Also found in: Dictionary, Thesaurus, Medical, Legal, Financial, Acronyms, Encyclopedia, Wikipedia.
Related to private: Private bank
private branch exchange
A telephone system within an institution or business that can only be used by the people inside that establishment. There was an issue with the private branch exchange this morning, but we hope to have the phones working again shortly.
1. A way of communicating that is shared between and understood by only a few people. My sister and I have had our own private language ever since we were girls—our brothers still can't understand it! After working together for so many years, Ellen and I have a private language that is all our own.
2. philosophy A type of inner language only comprehensible to a single person. The concept was introduced by Ludwig Wittgenstein, who argued that it could not exist. The concept of private language is still a topic of debate among philosophers, especially due to its potential ramifications for metaphysics.
A way to communicate only with a select person or people on social media sites or Internet forums. It is most commonly used as a verb. Private message me if you have any questions. If you don't want everyone to see it, send a private message instead of posting it.
euphemism One's external genitalia. The images of Adam and Eve most people are familiar with show their private parts covered by fig leaves. It's important to teach your children that their private parts are private, but not something to be ashamed of.
slang A private investigator or detective. "Dick" is a slang shortening of "detective." The disgraced police detective moved to another state and started a business as a private dick. It turned out they'd hired a private dick to keep tabs on her after she left the law firm.
slang A private investigator or detective. "Eye" is a pun on the letter "i" in "investigator." The disgraced police detective moved to another state and started a business as a private eye. It turned out they'd hired a private eye to keep tabs on her after she left the law firm.
Something that one pursues, often illegally, as a means to personal gain. Did you hear that she's started dabbling in some free enterprise and selling things on the black market?
Something that one pursues, often illegally, as a means to personal gain. Did you hear that she's started dabbling in some private enterprise and selling things on the black market?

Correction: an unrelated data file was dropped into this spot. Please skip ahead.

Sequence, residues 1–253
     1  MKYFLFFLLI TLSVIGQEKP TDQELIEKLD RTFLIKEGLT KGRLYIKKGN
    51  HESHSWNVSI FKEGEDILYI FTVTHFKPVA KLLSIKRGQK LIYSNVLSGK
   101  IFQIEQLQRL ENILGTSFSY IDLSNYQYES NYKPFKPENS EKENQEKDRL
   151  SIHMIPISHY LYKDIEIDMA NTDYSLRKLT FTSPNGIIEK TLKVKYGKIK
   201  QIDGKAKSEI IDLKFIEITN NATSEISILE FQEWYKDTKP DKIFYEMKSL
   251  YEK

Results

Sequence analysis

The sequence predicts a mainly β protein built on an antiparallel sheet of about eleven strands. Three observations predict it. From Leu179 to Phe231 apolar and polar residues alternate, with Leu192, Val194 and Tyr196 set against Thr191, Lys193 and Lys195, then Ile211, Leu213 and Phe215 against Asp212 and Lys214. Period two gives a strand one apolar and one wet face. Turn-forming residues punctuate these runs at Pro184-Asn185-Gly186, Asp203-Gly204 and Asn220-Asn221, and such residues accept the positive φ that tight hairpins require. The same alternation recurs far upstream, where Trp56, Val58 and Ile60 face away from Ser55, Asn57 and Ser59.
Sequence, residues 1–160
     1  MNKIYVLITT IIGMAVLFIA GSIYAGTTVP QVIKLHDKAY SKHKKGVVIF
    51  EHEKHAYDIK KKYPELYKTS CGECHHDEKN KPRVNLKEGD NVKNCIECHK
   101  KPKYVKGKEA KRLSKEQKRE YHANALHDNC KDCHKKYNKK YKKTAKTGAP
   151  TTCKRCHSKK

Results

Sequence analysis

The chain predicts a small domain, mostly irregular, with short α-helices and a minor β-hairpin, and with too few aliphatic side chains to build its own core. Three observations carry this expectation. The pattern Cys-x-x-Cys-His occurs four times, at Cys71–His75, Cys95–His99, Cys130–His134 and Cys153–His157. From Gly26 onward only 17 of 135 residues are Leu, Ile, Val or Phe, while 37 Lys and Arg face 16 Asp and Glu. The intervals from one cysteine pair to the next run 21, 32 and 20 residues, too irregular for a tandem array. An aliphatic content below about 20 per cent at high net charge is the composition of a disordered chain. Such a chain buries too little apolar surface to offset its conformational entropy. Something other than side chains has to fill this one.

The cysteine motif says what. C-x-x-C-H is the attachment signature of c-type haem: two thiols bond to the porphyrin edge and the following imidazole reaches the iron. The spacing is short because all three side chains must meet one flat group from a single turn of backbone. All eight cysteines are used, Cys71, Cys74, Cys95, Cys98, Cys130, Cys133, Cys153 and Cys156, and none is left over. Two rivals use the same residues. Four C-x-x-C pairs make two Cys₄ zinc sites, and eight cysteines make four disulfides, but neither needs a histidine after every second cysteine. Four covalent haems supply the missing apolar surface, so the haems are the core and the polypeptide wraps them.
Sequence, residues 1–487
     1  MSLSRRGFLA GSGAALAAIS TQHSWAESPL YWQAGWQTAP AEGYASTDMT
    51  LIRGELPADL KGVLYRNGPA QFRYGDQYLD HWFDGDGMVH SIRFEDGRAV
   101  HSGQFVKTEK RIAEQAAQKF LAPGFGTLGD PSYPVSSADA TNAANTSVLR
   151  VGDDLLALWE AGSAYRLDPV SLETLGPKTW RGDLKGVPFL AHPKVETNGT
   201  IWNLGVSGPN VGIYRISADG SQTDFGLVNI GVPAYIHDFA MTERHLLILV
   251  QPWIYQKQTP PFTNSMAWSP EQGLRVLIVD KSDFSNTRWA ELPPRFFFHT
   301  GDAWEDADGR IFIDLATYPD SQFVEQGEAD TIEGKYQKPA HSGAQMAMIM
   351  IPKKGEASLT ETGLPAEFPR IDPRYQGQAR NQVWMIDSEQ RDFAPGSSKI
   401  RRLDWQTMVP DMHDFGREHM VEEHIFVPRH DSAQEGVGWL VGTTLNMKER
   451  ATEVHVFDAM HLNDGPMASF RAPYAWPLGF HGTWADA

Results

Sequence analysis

To take a publicly-traded company into private ownership by having an investor or group of investors purchase all of its outstanding shares. The CEO thinks the company would benefit greatly from going private and avoiding all the regulatory costs and hassles that come with being public.
Away from others or in a way that others will not be able to observe; privately, as opposed to in public. We need to meet in private so that the paparazzi don't see us together. You better speak to him in private about that, instead of ambushing him in front of the whole staff.
privately; without others present. I'd like to speak to you in private. I enjoy spending the evening in private.
Also, private enterprise. An undertaking on one's own behalf, especially a shady or illegal one. For example, The city treasurer didn't bother with competitive bids; the spirit of free enterprise just led him to his brother-in-law , or The sergeant indulged in a little private enterprise, selling cigarettes on the black market . This sarcastic application of a term that has meant, since about 1885, the freedom of private businesses to operate competitively for profit with a minimum of government control, dates from the mid-1900s.
Not in public; secretly, confidentially. For example, The hearings will be conducted in private, or May I speak to you in private? [Late 1500s] For an antonym, see in public.
A privately employed detective, as opposed to one working for the police or another authority. For example, The children loved stories about private eyes, and Janey wanted to become one. This expression comes from the term private investigator, the "i" of investigator being changed to "eye," which plays on the idea of a person looking into things. [1930s]
a ˌprivate ˈeye(informal) a detective who is not in the police, but who can be employed to find out information, find a missing person, follow somebody, etc: They hired a private eye to look for more evidence.
private ˈpartsa polite way of referring to the sexual organs without saying their names
n. a detective who is licensed to work privately rather than for a police department. I worked for a while as a private eye.
To take a publicly owned company into private ownership, as by a leveraged buyout.
Not in public; secretly or confidentially.